After Years of Working to Expand Tribal Broadband, Tester Announces FCC Approval of Montana Tribes’ Spectrum Licenses
All seven Montana Tribes that applied for licenses were approved
Following years of efforts to provide Montana Tribal communities with more opportunities to develop reliable broadband infrastructure, U.S. Senator Jon Tester today announced that seven Montana Tribes have received approval from the Federal Communications Commission (FCC) for spectrum licenses to use the 2.5 GHz band to bring high speed broadband services to their communities.
“Between distanced learning, telehealth, and working from home, the coronavirus pandemic has made access to reliable, high-speed broadband more critical than ever before, especially in Indian Country,” said Tester. “For years, I’ve been pushing the FCC to work with Montana Tribes and grant them the logical next step in their push for digital sovereignty—ownership over their own spectrum. That’s why I’m proud to announce that the FCC approved applications from every Montana Tribe that applied for spectrum ownership, which will increase connectivity across our state’s Tribal communities and increase access to critical health and education services.”
The spectrum licenses were issued through the FCC’s Rural Tribal Priority Window to the Blackfeet Nation, Crow Tribe, Fort Peck Assiniboine and Sioux Tribes, Chippewa Cree Tribe of Rocky Boy, Confederated Salish and Kootenai Tribes, Fort Belknap Indian Community, and Northern Cheyenne Tribe. These licenses provide for exclusive use of up to 117.5 megahertz of 2.5 GHz band spectrum that can be used by Tribes to connect their communities. In September, Senator Tester wrote FCC Chairman Ajit Pai requesting an extension to the 2.5 GHz Tribal Priority Program Window so that more Tribes could apply for spectrum licenses.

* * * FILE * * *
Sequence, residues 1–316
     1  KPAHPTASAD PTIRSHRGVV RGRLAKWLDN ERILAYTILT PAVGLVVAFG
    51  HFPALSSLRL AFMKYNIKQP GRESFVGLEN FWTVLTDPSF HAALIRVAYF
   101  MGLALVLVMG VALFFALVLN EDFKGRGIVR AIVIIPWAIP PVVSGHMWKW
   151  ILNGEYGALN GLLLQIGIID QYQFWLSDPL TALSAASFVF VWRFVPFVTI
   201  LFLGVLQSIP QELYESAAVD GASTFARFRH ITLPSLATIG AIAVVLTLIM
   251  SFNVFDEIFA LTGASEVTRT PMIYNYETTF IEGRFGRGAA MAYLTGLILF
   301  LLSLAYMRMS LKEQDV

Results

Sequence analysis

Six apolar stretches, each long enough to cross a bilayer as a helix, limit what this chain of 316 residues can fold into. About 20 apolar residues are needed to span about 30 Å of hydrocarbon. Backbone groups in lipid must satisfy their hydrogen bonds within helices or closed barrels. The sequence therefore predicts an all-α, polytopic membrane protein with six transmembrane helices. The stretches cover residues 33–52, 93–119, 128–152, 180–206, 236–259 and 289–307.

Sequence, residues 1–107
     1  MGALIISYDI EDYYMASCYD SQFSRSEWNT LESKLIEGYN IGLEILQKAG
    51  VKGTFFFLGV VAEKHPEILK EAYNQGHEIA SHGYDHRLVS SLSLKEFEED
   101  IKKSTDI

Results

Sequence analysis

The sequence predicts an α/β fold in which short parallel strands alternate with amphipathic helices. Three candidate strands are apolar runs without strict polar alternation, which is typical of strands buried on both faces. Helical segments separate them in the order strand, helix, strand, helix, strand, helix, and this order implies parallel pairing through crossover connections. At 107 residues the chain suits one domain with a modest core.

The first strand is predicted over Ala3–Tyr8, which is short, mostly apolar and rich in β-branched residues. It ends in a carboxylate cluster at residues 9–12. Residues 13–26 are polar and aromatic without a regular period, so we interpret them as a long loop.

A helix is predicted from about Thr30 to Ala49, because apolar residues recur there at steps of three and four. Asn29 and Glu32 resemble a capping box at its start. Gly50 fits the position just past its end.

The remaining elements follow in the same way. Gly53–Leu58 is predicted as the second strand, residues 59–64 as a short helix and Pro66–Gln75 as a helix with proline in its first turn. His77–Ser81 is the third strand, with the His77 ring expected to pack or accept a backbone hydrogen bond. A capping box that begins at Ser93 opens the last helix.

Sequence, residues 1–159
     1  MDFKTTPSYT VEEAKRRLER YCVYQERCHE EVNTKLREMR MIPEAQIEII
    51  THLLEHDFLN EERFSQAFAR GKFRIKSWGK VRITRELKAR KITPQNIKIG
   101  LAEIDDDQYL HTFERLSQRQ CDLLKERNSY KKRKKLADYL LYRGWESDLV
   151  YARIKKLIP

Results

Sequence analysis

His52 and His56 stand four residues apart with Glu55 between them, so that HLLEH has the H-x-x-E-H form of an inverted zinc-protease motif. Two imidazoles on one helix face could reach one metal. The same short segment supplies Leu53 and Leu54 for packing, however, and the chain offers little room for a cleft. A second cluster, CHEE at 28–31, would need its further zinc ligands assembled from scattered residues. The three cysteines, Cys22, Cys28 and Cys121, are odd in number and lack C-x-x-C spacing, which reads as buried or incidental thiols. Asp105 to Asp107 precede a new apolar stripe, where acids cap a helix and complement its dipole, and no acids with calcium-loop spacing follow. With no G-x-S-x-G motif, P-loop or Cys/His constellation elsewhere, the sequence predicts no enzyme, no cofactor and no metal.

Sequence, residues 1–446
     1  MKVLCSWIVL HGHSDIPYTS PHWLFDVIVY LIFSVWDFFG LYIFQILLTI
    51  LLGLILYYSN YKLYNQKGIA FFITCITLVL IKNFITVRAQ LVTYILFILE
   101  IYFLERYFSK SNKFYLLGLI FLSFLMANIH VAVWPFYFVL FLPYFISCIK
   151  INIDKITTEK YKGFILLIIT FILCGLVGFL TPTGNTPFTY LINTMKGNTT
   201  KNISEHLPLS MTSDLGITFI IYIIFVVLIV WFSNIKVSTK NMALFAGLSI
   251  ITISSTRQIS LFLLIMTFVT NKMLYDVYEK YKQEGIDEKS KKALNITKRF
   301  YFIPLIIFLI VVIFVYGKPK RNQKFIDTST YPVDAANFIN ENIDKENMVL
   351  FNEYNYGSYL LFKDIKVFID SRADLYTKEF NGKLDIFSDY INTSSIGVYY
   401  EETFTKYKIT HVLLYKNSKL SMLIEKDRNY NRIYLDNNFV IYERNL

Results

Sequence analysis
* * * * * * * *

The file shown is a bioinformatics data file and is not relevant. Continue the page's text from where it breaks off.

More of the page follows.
Additionally, the Confederated Salish and Kootenai Tribes (CSKT) have announced plans to use funding secured by Tester in the Coronavirus Aid, Relief, and Economic Security (CARES) Act to build the infrastructure necessary to turn the spectrum into a usable broadband network.
Tester has worked closely with Montana Tribes to close the digital divide in Indian Country, particularly during the coronavirus crisis. Earlier this year he urged Senate Leadership to extend the Tribal CRF deadline from December 2020 to December 2022 so Tribes could have more time to fully utilize funding for critical projects like building out broadband infrastructure. Last month, he pushed Indian Health Service Director Weahkee to improve Tribal behavioral health by boosting telehealth services and his Broadband DATA Act, which works to make broadband mapping more accurate in rural areas, was recently signed into law.